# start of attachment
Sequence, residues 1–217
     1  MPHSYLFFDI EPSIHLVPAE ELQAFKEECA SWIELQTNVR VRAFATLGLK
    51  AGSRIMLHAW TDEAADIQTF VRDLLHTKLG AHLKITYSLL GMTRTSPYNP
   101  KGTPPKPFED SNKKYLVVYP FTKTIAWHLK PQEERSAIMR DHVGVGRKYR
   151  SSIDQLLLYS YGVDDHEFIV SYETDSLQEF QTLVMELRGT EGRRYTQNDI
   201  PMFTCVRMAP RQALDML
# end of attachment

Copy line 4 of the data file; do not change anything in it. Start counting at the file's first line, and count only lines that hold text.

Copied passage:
   101  KGTPPKPFED SNKKYLVVYP FTKTIAWHLK PQEERSAIMR DHVGVGRKYR